One of the most versatile film actors of the contemporary age is undoubtedly Naomi Watts. Born in Shoreham, England in 1968, she is a skilled performer who possesses the ability to utterly dissolve into any character, and as a result she invokes empathy from the viewing audience.
It is no surprise that Naomi Watts eventually persevered over adversity in the American (and worldwide) film industry. Her range is absolutely immeasurable. Stunning in appearance and rich with talent, Watts has built quite a respectable body of work. Here are 5 films that should not be missed.
It takes a rare skill to accept the role like this — a Russian tart with a heart — and make it work, but in Theodore Melfi’s sentimental comedy, Watts pulls it off. As the heavily pregnant Daka who visits Bill Murray’s titular sad sack every week and has sex with him for cash, she projects a credible mix of vulnerability, hardness and a salty Slavic pragmatism. The accent is perhaps a tad overripe, but that’s kind of the point.
Originally a short gradually expanded over five years of filming, this ultra-low-budget confection directed by Scott Coffey is the comic flipside of Mulholland Drive, a wry glimpse of the daily grind of an aspirant actor working her way through endless rounds of auditions in mid ’00s Hollywood. Watts, also one of the film’s producers, channels her own experiences and personality to create the unbreakable Ellie Parker, a talented, sunny but slightly gawky slogger with an uncanny ability to change clothes while driving.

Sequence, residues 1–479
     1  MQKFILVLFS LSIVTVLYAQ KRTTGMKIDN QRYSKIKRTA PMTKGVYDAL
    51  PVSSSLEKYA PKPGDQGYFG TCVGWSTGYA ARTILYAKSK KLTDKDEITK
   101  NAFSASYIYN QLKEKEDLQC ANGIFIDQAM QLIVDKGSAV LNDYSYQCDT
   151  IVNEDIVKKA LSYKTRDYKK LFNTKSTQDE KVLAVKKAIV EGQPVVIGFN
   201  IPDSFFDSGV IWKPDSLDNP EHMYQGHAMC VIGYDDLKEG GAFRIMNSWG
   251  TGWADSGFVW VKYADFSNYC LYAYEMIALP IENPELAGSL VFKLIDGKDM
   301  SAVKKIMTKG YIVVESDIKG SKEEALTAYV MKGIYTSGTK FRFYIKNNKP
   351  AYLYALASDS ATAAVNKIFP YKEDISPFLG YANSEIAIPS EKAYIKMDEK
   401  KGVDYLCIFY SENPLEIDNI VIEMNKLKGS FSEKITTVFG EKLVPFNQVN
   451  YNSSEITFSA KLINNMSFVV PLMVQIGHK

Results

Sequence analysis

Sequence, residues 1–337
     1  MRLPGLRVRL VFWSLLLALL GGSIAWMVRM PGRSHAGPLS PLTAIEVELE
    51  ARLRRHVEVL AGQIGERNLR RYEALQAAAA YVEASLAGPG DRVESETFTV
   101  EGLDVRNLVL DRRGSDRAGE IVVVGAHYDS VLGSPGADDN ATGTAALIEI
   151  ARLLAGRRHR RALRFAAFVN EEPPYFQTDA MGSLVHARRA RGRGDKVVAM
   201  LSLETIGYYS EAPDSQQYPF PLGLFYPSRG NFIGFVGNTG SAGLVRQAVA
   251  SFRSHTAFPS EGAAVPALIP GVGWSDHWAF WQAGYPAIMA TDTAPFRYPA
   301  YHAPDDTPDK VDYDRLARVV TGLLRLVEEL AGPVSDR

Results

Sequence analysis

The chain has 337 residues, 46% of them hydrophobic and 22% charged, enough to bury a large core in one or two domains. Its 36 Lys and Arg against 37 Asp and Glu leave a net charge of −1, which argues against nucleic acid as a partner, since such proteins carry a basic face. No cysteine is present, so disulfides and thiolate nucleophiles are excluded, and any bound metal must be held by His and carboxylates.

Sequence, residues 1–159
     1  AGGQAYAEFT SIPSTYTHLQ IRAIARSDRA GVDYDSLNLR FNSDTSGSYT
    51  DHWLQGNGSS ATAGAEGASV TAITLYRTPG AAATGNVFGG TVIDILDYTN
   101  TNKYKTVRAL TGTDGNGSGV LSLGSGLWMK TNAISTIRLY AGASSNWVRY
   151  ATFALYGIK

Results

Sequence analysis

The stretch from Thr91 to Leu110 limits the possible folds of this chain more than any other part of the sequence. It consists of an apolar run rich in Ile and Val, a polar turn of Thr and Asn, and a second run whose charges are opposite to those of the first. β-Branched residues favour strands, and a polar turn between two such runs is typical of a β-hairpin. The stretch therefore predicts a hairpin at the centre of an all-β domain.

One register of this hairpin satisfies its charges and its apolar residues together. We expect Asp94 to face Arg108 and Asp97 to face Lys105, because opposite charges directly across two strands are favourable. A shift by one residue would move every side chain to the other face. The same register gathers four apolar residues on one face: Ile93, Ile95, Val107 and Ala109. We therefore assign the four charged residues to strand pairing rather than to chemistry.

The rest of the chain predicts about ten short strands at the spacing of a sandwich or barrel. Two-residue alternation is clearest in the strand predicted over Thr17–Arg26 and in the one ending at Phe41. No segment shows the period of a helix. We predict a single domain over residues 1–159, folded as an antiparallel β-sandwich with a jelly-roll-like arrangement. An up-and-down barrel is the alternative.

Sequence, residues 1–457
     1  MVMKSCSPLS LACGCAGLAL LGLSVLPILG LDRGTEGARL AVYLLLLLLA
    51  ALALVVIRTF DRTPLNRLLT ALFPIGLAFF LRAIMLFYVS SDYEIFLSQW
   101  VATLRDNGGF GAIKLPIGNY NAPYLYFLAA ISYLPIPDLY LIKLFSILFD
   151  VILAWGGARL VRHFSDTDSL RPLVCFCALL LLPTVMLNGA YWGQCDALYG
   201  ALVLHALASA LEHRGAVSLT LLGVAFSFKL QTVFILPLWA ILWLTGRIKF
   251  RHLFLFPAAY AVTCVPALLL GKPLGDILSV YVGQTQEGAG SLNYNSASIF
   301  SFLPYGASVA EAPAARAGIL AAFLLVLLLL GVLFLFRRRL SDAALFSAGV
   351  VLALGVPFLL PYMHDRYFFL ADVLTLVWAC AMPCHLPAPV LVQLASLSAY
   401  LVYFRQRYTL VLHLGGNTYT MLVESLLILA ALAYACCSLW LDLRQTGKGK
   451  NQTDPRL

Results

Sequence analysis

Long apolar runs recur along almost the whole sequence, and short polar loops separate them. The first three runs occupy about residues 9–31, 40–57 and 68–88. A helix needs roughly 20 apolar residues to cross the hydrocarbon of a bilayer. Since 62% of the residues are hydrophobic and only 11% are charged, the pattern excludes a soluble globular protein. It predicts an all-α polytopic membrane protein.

Oddly, the thing most people remember best about this David Cronenberg thriller is a naked Viggo Mortensen battling a steambath full of assailants. But Watts is the movie’s real star, cast as a London midwife who bravely plunges into the shady world of Russian gangsters when she decides to investigate the death of a pregnant trafficked girl. Wearing scruffy attire and an expression of grim determination, she’s a steady human heartbeat amidst the frequent shots of dead bodies, gore and violence.
While We’re Young
By this point, it was no surprise to Watts fans that she could handle comedy as effortlessly as she could the big dramatic roles. In Noah Baumbach’s satirical take on male rivalry, the actress is second-banana to Ben Stiller, who plays her husband, and, to a lesser extent, Adam Driver as half of a younger, hipper couple (Amanda Seyfried plays Driver’s wife). But her fierce hip-hop dancing in a class is one of the movie’s comic highlights.
Watts reteamed with her 21 Grams director, Alejandro Gonzalez Inarritu, to play long-suffering Lesley, a co-star in the stage play being directed and produced by Michael Keaton in the Oscar-winning tale of a movie star in search of redemption. It’s not an especially showy role compared to those played by Keaton, Emma Stone or even Edward Norton, but once again Watts shows off fine comic chops and a team-player attitude by keeping perfect time with the ensemble’s jazzy rhythms. Her tearful flirting scene with Andrea Riseborough is a beaut.
Which one is the best? Me, it would be Birdman.